Getting past the first 2 investment properties

Tim Boyle

More than 90 per cent of property investors own two properties or less – usually for lack of further borrowing capacity.

Blogger: Tim Boyle, executive chairman, Finalytics Financial

Recent statistics released by the ATO show there are an impressive 1.8 million property investors in Australia. What is more interesting is the number of investment properties held by each. Of these investors, 73 per cent own one investment property and a further 18 per cent own two, so more than 90 per cent own two properties or less.

As attractive as an investment vehicle property is for providing for your retirement, you will likely need more than one to two properties to achieve your retirement income requirements, even with superannuation included. The most common reason for people not owning more properties is they are unable to raise finance for further purchases.

However, in many cases this problem can be avoided with a bit of smart planning upfront.

For some reason we tend to treat our investment property purchases as almost a hobby, whereas it should be thought of as a business for us. Like any business you will be more successful if you are clear on your objectives and use these as a basis for a business plan.

For property investment, your objectives should be based on how much income you want to be generating from your portfolio at a period of time in the future.

Having an objective of “10 properties in 10 years” is meaningless and takes no account of debt levels, quality of properties, or how much income is left for you.

An example of a more meaningful objective would be to replace 50 per cent of your current income in seven years and 100 per cent in 15 years. From there you can work out what is required in property asset value after debt and start to formulate a property accumulation and debt plan around this. Where most investors get stuck is buying one to two properties and then finding they have used all their borrowing capacity and can’t get another mortgage until the existing facilities have been paid down.

The reason for this is usually not that their earnings or investments are not adequate. It is because the mortgages have been structured incorrectly. The main reason for this is lack of upfront business planning and allowing your bank or broker to take a “one mortgage at a time” approach. When you allow this you will soon paint yourself into a finance corner. This happens because the bank is invariably going to ask you to 'cross-collateralise' your loan.

Cross-collateralisation is when two or more properties are used together to secure one or more loans with the same lender. This might sound reasonable as the bank is using all your properties as security for the total loan, but it can be very restrictive when you want to use capital growth equity to finance a deposit on your next purchase. When building a portfolio of properties, the capital growth in your existing properties is the key to funding your growth by providing the deposit on the next property. This provides the opportunity to expand your portfolio and it is therefore important to maximize this opportunity.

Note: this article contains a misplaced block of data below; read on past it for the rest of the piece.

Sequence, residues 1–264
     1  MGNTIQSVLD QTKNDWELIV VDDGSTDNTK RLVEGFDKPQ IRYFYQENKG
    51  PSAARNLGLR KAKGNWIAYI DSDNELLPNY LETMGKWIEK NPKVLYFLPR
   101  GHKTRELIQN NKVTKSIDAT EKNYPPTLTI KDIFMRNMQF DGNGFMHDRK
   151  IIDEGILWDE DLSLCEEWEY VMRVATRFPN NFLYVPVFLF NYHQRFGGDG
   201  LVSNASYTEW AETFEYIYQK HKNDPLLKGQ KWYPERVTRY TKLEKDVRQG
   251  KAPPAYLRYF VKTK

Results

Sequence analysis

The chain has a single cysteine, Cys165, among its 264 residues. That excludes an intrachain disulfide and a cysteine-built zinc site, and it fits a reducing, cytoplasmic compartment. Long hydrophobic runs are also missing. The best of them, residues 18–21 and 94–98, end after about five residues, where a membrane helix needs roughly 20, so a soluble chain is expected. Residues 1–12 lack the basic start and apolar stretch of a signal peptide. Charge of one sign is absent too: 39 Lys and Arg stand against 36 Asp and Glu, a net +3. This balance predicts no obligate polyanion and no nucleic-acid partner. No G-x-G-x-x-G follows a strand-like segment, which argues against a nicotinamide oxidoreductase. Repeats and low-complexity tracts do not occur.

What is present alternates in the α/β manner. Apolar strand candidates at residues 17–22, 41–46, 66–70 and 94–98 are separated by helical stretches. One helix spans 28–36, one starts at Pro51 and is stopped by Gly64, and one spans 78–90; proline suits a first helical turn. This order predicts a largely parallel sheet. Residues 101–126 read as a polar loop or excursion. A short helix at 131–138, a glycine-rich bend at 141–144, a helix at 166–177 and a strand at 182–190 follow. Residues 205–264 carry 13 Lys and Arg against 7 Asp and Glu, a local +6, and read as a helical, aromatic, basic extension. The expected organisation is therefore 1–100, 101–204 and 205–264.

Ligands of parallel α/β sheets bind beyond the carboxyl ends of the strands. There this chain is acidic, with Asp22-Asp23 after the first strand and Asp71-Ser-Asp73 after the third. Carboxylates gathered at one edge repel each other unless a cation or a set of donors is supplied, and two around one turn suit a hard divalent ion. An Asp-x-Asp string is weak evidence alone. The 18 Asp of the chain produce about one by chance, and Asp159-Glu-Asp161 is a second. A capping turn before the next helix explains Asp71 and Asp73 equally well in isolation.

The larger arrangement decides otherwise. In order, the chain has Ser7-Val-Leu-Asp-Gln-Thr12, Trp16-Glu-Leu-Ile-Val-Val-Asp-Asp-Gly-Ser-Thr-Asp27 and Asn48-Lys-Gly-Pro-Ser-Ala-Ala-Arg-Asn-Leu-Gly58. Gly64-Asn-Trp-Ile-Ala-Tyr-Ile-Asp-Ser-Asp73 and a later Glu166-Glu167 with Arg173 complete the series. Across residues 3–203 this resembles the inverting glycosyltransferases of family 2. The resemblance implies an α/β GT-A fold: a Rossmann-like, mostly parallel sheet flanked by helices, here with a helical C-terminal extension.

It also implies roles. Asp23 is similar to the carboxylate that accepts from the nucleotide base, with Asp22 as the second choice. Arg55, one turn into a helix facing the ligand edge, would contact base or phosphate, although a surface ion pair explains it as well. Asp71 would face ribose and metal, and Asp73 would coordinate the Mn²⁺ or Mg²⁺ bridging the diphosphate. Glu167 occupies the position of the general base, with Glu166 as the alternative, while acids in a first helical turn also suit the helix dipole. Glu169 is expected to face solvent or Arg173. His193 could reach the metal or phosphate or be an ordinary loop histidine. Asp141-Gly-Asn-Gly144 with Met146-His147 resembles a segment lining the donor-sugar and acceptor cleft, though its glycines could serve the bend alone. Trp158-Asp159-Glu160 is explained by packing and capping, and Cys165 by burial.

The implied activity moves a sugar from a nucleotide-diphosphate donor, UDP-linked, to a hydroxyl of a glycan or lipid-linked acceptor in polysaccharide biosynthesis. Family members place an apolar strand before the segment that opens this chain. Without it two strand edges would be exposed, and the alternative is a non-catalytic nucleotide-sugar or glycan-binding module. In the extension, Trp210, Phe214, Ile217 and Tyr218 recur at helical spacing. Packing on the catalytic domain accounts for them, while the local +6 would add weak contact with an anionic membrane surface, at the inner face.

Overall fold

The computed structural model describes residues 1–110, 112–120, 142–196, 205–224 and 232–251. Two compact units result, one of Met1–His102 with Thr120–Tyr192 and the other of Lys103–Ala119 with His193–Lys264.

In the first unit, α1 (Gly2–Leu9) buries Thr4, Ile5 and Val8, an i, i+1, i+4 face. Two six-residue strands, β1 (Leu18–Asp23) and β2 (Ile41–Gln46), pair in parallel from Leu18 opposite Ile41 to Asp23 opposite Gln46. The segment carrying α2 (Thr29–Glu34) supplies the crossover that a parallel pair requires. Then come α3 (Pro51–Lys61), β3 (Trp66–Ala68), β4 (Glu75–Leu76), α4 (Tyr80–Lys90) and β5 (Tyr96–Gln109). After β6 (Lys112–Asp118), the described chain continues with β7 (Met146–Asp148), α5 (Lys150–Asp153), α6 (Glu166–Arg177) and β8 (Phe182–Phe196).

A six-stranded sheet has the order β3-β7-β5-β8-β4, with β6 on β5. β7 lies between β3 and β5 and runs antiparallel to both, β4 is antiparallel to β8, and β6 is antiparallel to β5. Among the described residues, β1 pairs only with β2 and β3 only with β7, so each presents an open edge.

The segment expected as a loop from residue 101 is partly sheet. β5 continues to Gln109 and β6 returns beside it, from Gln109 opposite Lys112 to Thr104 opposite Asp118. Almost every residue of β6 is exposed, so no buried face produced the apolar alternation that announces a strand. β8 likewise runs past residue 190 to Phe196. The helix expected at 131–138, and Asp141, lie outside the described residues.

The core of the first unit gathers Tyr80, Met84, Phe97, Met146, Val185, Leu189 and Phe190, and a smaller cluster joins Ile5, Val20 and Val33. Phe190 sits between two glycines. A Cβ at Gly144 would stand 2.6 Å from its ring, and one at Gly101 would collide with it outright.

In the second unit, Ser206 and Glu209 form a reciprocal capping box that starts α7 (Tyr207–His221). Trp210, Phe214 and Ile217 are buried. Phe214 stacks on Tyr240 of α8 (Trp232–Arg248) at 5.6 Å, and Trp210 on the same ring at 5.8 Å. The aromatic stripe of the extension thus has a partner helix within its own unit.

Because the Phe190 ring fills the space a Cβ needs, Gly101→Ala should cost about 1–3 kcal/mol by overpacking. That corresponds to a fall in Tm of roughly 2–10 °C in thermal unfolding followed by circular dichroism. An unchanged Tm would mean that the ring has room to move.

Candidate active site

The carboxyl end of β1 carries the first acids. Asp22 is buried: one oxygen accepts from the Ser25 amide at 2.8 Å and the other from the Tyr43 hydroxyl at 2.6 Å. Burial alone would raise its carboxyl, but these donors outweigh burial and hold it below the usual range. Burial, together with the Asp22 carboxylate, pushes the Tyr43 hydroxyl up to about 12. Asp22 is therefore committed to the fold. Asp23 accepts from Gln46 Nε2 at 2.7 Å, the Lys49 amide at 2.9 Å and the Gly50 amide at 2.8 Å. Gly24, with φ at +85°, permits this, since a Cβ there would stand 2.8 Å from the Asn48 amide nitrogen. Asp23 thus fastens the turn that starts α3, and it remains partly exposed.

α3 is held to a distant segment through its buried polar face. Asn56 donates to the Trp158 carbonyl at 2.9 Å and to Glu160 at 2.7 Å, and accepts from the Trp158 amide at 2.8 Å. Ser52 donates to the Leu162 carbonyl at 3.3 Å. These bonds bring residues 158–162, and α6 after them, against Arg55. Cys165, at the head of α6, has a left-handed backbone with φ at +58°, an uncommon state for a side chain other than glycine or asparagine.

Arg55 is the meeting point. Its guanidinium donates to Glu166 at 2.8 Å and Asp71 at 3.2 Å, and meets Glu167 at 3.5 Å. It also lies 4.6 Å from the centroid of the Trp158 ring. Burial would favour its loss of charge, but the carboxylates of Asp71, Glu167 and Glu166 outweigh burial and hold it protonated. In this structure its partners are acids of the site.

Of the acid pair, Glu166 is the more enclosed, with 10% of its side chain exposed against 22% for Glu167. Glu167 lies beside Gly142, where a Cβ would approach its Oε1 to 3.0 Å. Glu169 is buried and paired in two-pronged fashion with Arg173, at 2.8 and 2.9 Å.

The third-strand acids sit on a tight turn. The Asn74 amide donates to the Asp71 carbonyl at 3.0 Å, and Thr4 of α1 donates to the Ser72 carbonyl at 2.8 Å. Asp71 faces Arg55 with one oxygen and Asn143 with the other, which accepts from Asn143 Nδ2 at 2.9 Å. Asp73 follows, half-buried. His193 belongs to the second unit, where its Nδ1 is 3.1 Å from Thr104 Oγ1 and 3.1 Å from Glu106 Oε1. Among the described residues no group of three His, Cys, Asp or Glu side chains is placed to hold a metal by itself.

The constraint with cross-collateralising is you are effectively bundling your portfolio. So when you want to have a property revalued to free up equity the bank will insist on having the whole portfolio revalued as it is one collateral arrangement. If you have recently purchased a property or it is in an area that hasn’t performed it will drag the valuation down, thereby restricting how much equity you can use for your next deposit.

A better way to do this is to arrange one loan attached to each property so each stands alone. If your bank refuses this then you can go to another lender for that mortgage – there is no need to stick with one lender. When you are ready to make your next purchase you can choose which property to free up equity from based on its valuation relative to the one mortgage.

You will find this a much more flexible approach and enable you to significantly boost your borrowing capacity and therefore investment portfolio.

Read more:

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5 affordable Sydney suburbs 

4 essential elements of a successful investment

Getting past the first 2 investment properties
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Tim Boyle

Tim Boyle

Tim Boyle from Finalytics Financial is a chartered accountant, mortgage credit adviser, and active property investor. He has over 20 years’ experience in finance, accounting, and consulting and has worked in corporate life in multiple countries. He now has his own thriving consulting business specialising in property finance. He prides himself on bringing his vast financial skills together with his belief in property to empower those wanting to buy their own first property or improve their life choices through property investing. Tim is based in Melbourne.

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